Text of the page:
Bio-based thin-film structures to tackle the growing menace of plastics

30.9.2019 / text: Aayush Jaiswal

aayush

The world is turning into a global village and consequently, food products from around the world are becoming ubiquitous in the store where you buy your grocery every week. Have you ever wondered what keeps these products fresh and delicious? The answer lies in the product packaging. A package’s importance is often neglected but a lot of science goes into developing that fancy trivial package that often charms you into making buying decisions.

In today’s world, most of the food packaging utilizes petroleum-derived plastics in some form. Usually, the plastic is visible in the package and if not, it might lie as a thin layer under the top layers made from materials like paperboard and metal foils. Due to the rampant use of petroleum-derived plastics in packaging, our environment lies in a grave danger. The amount of plastics being produced for packaging purpose was approximately 161 million tons in 2017 and the amount of plastic waste entering the planet’s oceans annually worldwide was estimated to be 8 million tons. These figures, already gargantuan, are expected to rise rapidly if immediate measures are not taken. We cannot turn a blind eye to the menace of plastics in packaging anymore. We must look for bio-based solutions which are produced, consumed and recycled responsibly.

What does it take to get rid of plastics?

If it were so straightforward to replace plastics with some other biodegradable material, giving the same performance as plastics, it would have been done already. Current challenges in replacing plastics are:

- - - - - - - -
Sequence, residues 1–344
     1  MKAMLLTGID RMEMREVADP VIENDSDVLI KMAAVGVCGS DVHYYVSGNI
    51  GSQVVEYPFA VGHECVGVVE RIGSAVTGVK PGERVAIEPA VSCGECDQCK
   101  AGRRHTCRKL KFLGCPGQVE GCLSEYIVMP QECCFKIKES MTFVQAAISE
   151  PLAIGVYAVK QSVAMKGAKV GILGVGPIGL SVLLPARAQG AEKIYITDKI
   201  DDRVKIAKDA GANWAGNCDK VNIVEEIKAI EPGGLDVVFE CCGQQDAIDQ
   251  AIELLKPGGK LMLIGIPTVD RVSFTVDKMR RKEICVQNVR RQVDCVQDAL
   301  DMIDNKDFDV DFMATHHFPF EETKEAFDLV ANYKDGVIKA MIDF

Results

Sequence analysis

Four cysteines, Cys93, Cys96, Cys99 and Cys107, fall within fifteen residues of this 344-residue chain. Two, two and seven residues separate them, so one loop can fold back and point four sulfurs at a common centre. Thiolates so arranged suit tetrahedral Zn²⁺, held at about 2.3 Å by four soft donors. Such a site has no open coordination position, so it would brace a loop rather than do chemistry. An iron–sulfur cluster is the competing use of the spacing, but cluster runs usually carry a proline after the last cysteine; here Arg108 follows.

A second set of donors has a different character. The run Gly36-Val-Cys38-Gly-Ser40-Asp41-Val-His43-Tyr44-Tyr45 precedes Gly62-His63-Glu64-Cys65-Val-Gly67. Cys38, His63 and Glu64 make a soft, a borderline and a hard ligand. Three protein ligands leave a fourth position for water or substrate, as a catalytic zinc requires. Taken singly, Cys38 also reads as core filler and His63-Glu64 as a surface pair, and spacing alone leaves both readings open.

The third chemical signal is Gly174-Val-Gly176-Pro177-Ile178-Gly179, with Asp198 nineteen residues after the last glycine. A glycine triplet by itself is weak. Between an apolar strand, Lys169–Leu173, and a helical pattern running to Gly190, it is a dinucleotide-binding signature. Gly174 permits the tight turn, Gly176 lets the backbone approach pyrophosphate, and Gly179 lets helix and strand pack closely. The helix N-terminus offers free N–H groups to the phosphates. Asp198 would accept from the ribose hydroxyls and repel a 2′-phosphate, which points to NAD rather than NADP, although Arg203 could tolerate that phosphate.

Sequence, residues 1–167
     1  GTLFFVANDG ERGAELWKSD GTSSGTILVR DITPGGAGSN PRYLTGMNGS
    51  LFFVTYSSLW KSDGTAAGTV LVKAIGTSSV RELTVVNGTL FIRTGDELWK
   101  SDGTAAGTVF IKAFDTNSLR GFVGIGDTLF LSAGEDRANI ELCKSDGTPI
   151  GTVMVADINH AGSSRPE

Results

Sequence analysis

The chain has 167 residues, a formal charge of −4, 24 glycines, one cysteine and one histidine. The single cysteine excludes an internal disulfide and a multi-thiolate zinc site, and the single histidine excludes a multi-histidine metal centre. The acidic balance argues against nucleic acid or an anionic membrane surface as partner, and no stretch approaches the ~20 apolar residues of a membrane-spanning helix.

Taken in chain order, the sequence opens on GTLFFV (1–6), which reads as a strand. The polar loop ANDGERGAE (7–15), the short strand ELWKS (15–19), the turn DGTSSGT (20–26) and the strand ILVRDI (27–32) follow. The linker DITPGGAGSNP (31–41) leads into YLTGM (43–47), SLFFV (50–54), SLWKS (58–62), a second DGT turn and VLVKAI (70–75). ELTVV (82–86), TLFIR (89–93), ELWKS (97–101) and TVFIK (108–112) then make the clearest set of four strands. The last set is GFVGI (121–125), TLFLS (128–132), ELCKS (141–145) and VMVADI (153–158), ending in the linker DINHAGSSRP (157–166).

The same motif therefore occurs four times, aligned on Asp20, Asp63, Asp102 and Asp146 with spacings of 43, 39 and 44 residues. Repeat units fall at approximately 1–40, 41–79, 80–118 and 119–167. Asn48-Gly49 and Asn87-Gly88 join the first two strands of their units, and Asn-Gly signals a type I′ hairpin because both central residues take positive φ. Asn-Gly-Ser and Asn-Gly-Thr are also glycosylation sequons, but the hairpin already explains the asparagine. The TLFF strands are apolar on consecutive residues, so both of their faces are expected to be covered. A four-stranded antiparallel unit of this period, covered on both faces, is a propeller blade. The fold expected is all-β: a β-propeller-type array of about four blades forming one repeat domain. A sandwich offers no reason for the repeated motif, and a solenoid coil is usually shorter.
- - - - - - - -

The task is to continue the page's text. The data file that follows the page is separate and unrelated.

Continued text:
• Common packaging plastics like PE, PP, PS, etc. are extremely cheap.
  • The processing technologies for plastics such as, extrusion and injection moulding, are highly developed. Replacing a high-end and mature industrial technology is difficult.
  • We don’t have materials that can match or outperform plastics in the properties required by the packaging industry. Such properties include barrier functions like moisture, oil and gas barrier and the unique strength and flexibility offered by plastics.

Hence, the quest to find a material which can offer the demanded properties is on, and nanocellulose has been identified as a candidate material.

What is nanocellulose?

Nanocellulose is obtained by breaking down cellulose fibers (from wood or plants) to the nanoscale size through mechanical and/or chemical treatment. This nanomaterial possess excellent film-forming properties and is non-toxic and 100% biodegradable. Nanocellulose films, even as thin as human hair, exhibit excellent barrier against gas and grease, are strong, flexible, and transparent and hence, have been the center of attention of researchers around the world for the last decade. The production of such films in high-speed industrial processes has been an obstacle to commercialization and my research focuses on that.

But…..You don’t need superpowers to save the planet!

While nanocellulose-based packaging would still take some time to enter the grocery store, we need to play our small part in protecting the environment. Every individual must take responsibility for the waste they produce in everyday life and aim for as proper recycling as possible. This requires alterations in our attitude and habits but we must realize that resources on our planet are limited and we need to live in harmony with nature. We shouldn’t wait for a magical technology to do it for us, change comes from within and we must bring about this change.

Further reading:

  1. Fast facts about plastic pollution

  2. Continuous roll-to-roll coating of cellulose nanocrystals onto paperboard

 Aayush Kumar Jaiswal is a master’s degree student at the Department of Chemical Engineering, Åbo Akademi University. His research deals with development of technologies enabling the production of thin-film structures from wood-based materials. He received a grant from Tekniikan edistämissäätiö in 2018.

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